Information discussing techniques for detecting calling number spoofing can be found on the Internet. See Laurie Dening’s paper8 for a technique where, for an inbound call, an outbound call is made to the calling number that checks the status to determine whether an inbound calling attempt is being made. Finally, the Secure Telephone Identity Revisited (stir) IETF working group has formed to look at a standard to secure and authenticate calling numbers.9

Anonymous Calling

You can use a number of very popular network services to create a new anonymous number. This isn’t as good as actual spoofing, where you can pick a random number or mimic another individual’s number, but it can still be useful for selected attacks, such as harassing calls and social engineering. Note that because all of the services that allow you to make anonymous calls have similar countermeasures, we cover all of them after discussing the attacks.

Image Skype


Skype ( is a very well-known over-the-top Internet-based voice service. Millions of people use Skype to make free voice and video calls all over the world using the Internet. Skype also offers the ability to make calls out of the Skype network to normal phone numbers, which is called Skype Credit (and used to be called SkypeOut years ago). You simply make a deposit, ideally through some anonymous electronic wallet service, and you can instantly be making calls to traditional numbers. Figure 6-3 shows an example of using Skype to make a call to a traditional number.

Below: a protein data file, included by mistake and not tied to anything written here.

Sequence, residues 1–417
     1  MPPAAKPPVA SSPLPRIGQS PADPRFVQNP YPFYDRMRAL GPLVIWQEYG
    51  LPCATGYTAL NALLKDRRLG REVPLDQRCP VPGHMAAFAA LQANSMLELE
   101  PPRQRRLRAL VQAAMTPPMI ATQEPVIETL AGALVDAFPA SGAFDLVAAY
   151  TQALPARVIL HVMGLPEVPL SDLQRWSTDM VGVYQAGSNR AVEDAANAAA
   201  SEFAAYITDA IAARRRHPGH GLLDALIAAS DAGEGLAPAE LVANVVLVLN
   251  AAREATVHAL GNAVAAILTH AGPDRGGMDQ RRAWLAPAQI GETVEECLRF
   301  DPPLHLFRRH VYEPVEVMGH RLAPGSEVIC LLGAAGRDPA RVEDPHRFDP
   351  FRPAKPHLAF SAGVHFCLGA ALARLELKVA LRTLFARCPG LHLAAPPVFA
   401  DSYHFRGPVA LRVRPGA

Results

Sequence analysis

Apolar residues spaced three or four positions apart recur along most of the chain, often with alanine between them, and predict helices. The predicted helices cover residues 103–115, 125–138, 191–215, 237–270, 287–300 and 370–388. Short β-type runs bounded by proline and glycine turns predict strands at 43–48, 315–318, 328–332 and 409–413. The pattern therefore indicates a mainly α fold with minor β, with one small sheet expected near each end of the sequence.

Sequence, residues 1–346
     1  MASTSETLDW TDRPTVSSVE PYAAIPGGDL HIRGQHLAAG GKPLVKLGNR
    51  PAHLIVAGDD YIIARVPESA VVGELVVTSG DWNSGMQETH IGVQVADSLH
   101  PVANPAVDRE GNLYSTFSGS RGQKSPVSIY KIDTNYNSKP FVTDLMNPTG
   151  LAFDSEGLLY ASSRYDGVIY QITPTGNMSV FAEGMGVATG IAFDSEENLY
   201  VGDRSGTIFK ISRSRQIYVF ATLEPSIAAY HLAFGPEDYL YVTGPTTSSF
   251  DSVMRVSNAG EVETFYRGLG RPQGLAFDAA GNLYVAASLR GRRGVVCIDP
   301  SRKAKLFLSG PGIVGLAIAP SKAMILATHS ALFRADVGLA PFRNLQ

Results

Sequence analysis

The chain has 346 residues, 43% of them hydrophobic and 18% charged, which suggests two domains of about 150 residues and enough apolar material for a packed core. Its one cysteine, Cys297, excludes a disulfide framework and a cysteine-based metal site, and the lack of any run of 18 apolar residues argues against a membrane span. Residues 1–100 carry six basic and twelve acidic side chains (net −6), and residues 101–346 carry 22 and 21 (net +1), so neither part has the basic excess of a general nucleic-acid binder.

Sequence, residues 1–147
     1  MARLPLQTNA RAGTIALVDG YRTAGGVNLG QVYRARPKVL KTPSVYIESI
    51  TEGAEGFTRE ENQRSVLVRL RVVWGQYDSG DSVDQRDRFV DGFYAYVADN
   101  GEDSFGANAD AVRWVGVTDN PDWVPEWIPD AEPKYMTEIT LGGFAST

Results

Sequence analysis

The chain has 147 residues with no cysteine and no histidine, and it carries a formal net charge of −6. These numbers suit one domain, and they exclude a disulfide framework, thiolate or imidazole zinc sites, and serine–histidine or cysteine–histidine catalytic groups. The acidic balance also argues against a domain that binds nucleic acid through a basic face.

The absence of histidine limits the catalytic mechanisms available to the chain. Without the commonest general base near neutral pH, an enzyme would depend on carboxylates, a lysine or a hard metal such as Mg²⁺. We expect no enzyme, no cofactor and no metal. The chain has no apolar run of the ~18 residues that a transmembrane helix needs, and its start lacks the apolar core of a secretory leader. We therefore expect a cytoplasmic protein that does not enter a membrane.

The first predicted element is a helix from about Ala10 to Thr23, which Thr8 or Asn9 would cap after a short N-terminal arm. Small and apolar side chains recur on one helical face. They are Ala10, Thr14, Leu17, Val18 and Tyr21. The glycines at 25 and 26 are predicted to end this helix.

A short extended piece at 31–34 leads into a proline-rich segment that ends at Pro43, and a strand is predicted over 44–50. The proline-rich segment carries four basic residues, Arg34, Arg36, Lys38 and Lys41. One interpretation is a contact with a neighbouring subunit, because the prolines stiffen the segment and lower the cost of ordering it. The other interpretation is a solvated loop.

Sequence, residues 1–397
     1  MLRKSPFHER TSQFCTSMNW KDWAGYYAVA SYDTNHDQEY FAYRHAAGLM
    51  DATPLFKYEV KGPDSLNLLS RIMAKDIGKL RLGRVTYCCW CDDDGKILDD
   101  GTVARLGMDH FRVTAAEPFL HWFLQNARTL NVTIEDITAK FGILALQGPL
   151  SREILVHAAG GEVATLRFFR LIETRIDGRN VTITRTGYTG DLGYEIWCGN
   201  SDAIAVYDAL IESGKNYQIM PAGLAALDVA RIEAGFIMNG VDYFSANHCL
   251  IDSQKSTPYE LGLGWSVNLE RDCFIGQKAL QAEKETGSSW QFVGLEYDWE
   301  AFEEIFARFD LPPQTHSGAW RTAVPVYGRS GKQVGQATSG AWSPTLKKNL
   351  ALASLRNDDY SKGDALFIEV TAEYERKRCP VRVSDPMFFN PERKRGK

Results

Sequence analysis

Figure 6-3 Using Skype to call a traditional number

The calling number used by Skype is not predictable; it is not tied to a given area code, exchange, or number. Many of the calls made appear with a number from the Palm Springs area, but don’t count on this. Skype also has a service where you can create your own caller ID. This process takes about a day, and involves authentication that appears proprietary to Skype. Because there is no email, voice, or text authentication, there may be a way to trick this authentication and insert your own number.

Image Google Voice


Google Voice is a great service that is more tightly integrated with the public voice network. Google Voice assigns you a number that can ring your normal number when the Google Voice number is dialed. Also, this service is integrated with other Google tools, transcribes voicemails into email, and has a built-in blacklist that can eliminate some of the voice SPAM you may be getting. Google Voice also allows you to grab a new number—you can’t select any number, but can generally pick one in your area code. Again, you can’t spoof a specific number, but you can create a new number, which is useful for some attacks.